Monday, 1 January 2001
Would-be messiahs back in action
Monday, Jan. 01, 2001
The plump American with the smiling, round face and woollen cap standing outside a Jerusalem department store was keen to talk about international relations.
"All this is leading to a Third World War, you know," he said, referring to the continuing unrest in the West Bank and Gaza. "China will play a major role, and millions of people are going to be killed.
"I'm here on a mission," he confided. "I've been sent here to try and prevent this war."
He took out his identification and presented some impressive credentials. According to his genuine-looking U.S. passport, the 40-something man with a salt-and-pepper beard and a large knapsack was none other than King David -- the Hebrew ruler who made Jerusalem his capital 3,000 years ago.
It was a pleasure to see him. The streets of Jerusalem have been lacking John the Baptist, the prophet Isaiah and other would-be messiahs who were regular features in the holy city until about a year ago.
Many of them were gripped by the Jerusalem Syndrome, a recognized psychiatric disorder in which perfectly normal people become so entranced by Jerusalem's religious atmosphere that they assume the identities of biblical characters or become modern-day prophets.
But because of a security crackdown by Israel and the U.S. Federal Bureau of Investigation, the prophets, kings and gods were rounded up and kicked out as 2000 approached and many feared that some millennialist sects might spark violence in this tense region.
"Every year we examine about 150 patients, of whom 40 or so require hospitalization," said Dr. Yair Barel, director of the Kfar Shaul psychiatric hospital in Jerusalem. "There was one case where two different patients insisted they were the Messiah, so I decided to put them in a room together to see if they would come to their senses."
It didn't work, he said. "Each thought the other was an impostor."
Despite the security fears, or perhaps because of them, Dr. Barel said, the expected rise in the number of cases of Jerusalem Syndrome during 2000 did not materialize.
Only a few sufferers have ever proved dangerous. One was a fundamentalist Australian Christian who tried to burn down the Al-Aqsa Mosque on the Temple Mount in 1969, which could have sparked an all-out Middle East War.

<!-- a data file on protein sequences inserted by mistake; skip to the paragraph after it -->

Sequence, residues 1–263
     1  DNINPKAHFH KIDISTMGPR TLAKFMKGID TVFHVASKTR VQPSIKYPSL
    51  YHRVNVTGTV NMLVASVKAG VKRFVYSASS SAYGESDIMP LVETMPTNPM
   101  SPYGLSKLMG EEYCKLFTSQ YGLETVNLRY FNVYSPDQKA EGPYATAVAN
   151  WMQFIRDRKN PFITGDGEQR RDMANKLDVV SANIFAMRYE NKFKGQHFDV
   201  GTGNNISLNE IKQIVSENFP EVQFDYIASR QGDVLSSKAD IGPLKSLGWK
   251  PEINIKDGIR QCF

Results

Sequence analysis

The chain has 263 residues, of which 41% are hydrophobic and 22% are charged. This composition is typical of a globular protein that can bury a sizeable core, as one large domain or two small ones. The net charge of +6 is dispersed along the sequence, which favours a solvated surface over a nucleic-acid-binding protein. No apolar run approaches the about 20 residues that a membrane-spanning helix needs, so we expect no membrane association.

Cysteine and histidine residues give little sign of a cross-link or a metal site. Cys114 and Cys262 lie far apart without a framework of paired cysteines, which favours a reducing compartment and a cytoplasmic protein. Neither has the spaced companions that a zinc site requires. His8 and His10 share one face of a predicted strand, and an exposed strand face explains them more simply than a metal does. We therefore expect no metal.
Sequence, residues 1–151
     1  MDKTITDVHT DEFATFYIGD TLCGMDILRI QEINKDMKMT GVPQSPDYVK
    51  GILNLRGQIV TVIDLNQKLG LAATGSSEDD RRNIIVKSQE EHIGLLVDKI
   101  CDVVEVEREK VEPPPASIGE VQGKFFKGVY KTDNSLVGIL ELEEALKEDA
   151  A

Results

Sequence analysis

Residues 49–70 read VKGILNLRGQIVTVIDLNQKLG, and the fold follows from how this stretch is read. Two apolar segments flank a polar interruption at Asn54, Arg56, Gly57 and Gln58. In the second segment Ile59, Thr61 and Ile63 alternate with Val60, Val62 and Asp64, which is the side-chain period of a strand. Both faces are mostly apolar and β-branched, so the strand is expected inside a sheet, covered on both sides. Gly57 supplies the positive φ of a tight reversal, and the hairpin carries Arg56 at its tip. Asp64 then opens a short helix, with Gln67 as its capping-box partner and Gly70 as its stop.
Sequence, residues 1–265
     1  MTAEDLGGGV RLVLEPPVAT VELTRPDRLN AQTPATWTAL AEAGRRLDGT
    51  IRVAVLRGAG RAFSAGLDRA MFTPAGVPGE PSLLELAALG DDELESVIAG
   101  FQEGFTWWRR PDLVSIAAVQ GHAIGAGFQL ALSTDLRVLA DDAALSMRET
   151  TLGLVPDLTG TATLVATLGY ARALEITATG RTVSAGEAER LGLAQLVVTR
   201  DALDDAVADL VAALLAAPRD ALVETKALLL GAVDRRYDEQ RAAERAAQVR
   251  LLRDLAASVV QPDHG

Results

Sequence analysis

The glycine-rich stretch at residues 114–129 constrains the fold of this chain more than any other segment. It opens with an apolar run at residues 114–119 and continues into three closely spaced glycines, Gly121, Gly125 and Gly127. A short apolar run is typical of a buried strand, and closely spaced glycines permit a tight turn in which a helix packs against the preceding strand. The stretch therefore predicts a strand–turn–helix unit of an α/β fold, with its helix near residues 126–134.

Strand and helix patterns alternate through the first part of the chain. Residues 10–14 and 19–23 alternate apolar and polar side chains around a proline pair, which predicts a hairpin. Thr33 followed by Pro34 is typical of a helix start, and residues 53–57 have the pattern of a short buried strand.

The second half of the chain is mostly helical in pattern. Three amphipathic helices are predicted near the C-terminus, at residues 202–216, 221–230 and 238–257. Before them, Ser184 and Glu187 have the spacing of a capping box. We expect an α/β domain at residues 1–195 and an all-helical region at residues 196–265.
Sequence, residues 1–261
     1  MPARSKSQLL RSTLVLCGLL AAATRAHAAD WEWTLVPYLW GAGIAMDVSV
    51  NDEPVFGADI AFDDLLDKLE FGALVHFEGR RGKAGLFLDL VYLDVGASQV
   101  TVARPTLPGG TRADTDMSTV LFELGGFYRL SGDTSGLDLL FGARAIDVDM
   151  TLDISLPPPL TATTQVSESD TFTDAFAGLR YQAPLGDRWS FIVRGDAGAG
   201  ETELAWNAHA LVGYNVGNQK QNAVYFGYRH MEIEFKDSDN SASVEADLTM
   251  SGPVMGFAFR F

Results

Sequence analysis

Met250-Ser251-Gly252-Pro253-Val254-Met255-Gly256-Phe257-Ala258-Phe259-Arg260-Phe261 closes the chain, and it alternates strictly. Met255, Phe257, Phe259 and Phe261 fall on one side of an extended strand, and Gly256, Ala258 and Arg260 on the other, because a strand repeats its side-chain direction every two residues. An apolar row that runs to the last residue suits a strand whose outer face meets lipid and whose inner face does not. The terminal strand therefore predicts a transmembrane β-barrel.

Since 1969, Muslims have been afraid that Israel is planning to rebuild Solomon's Temple there. Palestinians justify their current intifada (uprising) by invoking Israeli opposition leader Ariel Sharon's controversial visit to the compound on Sept. 28.
In the months before last January, Israeli security forces were on high alert for the possibility that apocalyptic millennialists would attack the mosque or stage mass suicides in Jerusalem in an attempt to hasten the End of Days.
Dozens of fundamentalists -- most of them quite harmless -- were rounded up and expelled from Israel in late-night raids.
According to Gershom Gorenberg, author of The End of Days: Fundamentalism and the Struggle for the Temple Mount, published this week by the Free Press, a U.S. publisher, the overzealous police actions were not entirely misplaced.
"The expectation of The End is part of significant streams within all three of the monotheistic religions," Mr. Gorenberg said in an interview. "In all three, there are significant numbers of people whose vision of the end focuses geographically on Jerusalem and specifically on the Temple Mount."
Mr. Gorenberg said it is no surprise that the seven-year-long Oslo peace process left until the end any discussion about the Temple Mount, which is holy to both Muslims and Jews and regarded by evangelical Christians as the site of the Jewish Temple, which must be rebuilt before the Second Coming.
Numerous Web sites analyze current events in the light of biblical prophecy, suggesting that we are living through the End of Days. Currently enjoying huge success in the United States are the Left Behind books, a series of novels by fundamentalist Christians Tim Lahaye and Jerry Jenkins.
Mr. Gorenberg said the fact that nothing happened last New Year's Eve has not destroyed belief in the apocalypse. Now that 2000 and 2001 have both begun quietly, the tension is even greater.
"This is really the point at which millennial and messianic groups become interesting and most unstable, when their expectations have been dashed via the continuation of history," he said.